The 1.3 percent decline in Texas’ prison population last year was slightly higher than the national drop of one percent, says the Texas Tribune. At the end of last year, there were 166,043 prisoners in state custody, the lowest number since 2002. It was the state’s fourth largest annual decline in more than 35 years. The largest drop came in 2012, when the population fell by nearly 6,000 prisoners from 2011. The small downward shift continues a trend that began in 2010, when the number held in Texas prisons peaked at 173,649. Doug Smith, a policy analyst at the Texas Criminal Justice Coalition, said the 1.3 percent change is significant. “There's nothing normal about decreases in prison populations in Texas,” Smith said.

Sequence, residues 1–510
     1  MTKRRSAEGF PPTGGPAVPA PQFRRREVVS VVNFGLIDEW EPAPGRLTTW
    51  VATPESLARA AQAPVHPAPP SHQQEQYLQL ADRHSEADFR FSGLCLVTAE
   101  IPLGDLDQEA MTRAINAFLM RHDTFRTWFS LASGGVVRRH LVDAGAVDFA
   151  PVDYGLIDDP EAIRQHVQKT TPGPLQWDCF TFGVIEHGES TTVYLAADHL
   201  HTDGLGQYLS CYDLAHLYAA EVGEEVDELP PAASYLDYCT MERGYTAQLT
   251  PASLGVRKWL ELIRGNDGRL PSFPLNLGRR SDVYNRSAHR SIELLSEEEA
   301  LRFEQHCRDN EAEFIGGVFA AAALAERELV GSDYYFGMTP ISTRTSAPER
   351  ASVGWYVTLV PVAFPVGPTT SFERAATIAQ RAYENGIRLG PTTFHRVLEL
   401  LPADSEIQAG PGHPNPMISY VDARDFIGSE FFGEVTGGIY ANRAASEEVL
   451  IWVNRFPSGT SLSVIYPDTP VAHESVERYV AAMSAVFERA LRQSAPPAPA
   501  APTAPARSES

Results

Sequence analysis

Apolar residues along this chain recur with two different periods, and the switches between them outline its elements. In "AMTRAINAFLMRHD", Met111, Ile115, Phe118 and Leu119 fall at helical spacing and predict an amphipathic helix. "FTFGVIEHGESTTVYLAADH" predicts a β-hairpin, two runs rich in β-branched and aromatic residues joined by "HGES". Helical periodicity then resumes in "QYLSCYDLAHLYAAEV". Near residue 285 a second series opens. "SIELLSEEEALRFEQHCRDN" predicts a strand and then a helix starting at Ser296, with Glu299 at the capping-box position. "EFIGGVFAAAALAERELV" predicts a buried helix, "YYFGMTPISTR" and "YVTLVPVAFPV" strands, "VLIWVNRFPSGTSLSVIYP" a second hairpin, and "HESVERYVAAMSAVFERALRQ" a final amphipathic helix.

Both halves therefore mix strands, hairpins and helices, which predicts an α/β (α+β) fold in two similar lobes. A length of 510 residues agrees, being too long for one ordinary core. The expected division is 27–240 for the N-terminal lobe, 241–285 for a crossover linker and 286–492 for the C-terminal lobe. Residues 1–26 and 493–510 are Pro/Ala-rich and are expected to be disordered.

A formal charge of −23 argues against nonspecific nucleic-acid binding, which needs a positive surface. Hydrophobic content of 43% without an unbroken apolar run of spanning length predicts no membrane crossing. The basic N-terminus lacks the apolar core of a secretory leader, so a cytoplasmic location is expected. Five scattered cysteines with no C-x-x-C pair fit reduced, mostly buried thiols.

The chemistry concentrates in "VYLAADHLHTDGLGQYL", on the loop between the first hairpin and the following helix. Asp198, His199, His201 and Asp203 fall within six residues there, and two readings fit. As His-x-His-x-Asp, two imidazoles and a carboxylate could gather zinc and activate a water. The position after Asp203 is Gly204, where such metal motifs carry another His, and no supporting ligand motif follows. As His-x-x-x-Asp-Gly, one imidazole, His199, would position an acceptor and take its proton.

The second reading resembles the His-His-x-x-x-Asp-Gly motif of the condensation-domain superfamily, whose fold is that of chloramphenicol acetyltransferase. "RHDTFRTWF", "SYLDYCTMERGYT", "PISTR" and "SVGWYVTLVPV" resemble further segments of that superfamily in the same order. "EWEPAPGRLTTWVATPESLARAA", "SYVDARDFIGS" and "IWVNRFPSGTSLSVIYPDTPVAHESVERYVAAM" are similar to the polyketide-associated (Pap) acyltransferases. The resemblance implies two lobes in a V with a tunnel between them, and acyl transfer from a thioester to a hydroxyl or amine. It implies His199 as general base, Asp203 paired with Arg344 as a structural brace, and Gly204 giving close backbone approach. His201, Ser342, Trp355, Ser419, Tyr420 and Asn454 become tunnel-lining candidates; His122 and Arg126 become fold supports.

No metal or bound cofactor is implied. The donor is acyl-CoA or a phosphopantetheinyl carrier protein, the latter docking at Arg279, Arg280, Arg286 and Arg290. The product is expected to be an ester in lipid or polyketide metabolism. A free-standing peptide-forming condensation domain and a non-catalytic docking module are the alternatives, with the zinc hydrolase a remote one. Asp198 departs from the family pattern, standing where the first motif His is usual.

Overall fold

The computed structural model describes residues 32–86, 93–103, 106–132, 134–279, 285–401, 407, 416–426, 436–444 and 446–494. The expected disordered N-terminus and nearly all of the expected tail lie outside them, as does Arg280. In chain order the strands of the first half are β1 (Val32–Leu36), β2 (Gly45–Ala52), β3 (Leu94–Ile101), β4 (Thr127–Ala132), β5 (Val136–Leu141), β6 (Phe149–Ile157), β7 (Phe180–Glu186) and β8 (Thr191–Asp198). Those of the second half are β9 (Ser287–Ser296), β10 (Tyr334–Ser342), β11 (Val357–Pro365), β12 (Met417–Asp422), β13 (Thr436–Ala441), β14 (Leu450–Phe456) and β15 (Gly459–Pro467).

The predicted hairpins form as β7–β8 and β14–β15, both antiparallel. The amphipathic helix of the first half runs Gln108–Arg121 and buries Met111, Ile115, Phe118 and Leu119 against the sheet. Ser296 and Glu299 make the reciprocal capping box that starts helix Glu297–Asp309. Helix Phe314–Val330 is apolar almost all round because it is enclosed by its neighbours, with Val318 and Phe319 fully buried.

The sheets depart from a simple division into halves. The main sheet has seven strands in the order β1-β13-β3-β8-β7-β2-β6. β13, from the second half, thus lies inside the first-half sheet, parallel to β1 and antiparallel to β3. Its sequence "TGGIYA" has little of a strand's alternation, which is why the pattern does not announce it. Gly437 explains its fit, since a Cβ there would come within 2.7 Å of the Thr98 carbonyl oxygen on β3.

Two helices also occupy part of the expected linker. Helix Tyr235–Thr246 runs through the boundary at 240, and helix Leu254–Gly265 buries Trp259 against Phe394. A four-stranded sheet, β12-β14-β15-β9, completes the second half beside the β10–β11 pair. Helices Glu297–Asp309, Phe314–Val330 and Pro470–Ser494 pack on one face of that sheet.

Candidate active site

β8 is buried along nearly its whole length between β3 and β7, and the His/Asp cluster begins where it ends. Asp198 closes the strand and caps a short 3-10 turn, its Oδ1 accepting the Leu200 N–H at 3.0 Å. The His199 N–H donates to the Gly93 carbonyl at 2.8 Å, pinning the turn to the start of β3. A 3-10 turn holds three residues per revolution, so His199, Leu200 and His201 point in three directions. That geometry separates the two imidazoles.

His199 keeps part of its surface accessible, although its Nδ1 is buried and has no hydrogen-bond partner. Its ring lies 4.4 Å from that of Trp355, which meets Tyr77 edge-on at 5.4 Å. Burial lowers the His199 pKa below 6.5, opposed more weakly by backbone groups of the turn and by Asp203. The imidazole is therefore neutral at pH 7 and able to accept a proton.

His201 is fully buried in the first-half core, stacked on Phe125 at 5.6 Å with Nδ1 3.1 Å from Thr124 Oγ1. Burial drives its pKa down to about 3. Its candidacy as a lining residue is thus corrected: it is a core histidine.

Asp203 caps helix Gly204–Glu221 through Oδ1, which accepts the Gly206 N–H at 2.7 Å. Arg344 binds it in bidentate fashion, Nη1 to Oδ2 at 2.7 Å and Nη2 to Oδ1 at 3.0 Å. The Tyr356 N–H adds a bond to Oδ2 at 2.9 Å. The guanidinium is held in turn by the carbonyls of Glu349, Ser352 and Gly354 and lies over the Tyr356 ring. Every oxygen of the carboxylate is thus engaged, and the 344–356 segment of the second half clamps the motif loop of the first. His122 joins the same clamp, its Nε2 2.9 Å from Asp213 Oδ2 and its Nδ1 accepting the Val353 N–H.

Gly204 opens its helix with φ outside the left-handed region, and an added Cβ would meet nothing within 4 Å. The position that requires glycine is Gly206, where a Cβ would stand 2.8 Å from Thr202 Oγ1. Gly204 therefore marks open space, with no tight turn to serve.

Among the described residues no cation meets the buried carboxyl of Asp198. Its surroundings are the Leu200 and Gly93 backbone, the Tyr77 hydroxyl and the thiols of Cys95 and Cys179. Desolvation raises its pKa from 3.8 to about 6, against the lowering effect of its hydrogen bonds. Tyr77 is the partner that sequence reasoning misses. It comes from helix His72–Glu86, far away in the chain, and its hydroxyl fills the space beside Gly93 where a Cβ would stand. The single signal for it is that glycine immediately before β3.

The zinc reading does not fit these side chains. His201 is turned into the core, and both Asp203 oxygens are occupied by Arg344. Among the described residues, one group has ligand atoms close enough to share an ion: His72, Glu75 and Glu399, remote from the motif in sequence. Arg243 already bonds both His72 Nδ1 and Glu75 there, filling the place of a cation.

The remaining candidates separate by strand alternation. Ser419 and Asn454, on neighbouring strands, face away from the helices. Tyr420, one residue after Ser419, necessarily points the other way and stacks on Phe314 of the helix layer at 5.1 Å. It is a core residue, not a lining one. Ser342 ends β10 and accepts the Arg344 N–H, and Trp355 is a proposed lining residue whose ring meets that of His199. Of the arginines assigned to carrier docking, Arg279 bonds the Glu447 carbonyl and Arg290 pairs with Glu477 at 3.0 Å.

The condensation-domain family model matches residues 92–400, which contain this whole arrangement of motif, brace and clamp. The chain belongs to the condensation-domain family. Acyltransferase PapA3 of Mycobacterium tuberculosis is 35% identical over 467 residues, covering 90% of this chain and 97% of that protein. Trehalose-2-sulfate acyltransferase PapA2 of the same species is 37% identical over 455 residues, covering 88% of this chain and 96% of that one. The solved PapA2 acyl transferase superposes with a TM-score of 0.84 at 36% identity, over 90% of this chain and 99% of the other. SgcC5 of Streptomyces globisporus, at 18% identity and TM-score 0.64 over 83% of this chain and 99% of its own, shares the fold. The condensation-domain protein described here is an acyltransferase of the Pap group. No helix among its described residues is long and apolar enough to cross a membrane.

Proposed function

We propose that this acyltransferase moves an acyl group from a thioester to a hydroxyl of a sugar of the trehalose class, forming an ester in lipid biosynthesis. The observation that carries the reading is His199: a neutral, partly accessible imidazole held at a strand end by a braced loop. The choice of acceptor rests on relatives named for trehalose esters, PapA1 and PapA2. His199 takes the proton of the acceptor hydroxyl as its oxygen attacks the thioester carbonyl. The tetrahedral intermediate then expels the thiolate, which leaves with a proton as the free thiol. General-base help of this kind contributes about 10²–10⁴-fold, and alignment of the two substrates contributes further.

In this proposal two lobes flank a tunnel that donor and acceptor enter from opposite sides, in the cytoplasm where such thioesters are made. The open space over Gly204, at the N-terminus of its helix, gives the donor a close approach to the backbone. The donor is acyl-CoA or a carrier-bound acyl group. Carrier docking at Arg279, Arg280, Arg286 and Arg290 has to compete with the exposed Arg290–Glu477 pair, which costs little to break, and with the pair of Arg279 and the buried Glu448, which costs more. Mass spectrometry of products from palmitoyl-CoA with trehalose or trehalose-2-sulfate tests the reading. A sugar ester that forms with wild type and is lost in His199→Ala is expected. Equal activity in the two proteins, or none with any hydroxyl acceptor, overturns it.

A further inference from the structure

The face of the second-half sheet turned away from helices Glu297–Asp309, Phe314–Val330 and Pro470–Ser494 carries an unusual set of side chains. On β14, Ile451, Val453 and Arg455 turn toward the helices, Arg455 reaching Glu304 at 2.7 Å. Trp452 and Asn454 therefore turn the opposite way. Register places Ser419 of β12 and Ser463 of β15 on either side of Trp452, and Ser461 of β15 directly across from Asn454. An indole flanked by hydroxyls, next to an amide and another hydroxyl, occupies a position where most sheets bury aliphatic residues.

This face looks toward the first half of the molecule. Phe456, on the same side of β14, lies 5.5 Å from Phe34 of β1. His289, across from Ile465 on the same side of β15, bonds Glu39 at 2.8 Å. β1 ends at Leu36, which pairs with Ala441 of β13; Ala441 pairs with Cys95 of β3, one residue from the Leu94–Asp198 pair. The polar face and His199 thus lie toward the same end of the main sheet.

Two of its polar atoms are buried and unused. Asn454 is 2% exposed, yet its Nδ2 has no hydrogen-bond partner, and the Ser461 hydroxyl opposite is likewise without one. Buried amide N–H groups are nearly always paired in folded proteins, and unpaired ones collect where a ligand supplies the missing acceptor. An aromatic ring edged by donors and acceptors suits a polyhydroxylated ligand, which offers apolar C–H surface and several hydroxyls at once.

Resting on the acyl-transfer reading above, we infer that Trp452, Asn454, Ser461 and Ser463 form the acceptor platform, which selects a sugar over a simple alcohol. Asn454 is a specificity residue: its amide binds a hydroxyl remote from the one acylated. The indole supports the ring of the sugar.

Michele Deitch, criminal justice expert at the University of Texas at Austin, pointed to a “very concerted effort” by the Texas legislature to get the number down. It included a series of diversionary treatment programs, drug courts and halfway houses launched in 2007, after lawmakers balked at spending $500 million to build and staff another 17,000 prison beds to accommodate rising populations. Still, Texas remains the state with the largest prison population, and the fourth-highest rate of incarceration in the U.S., behind Louisiana, Oklahoma and Alabama. “Is it going down fast enough or far enough? Not at all,” Deitch said. “But we're no longer on that same growth curve. You've got to see the bigger picture here.”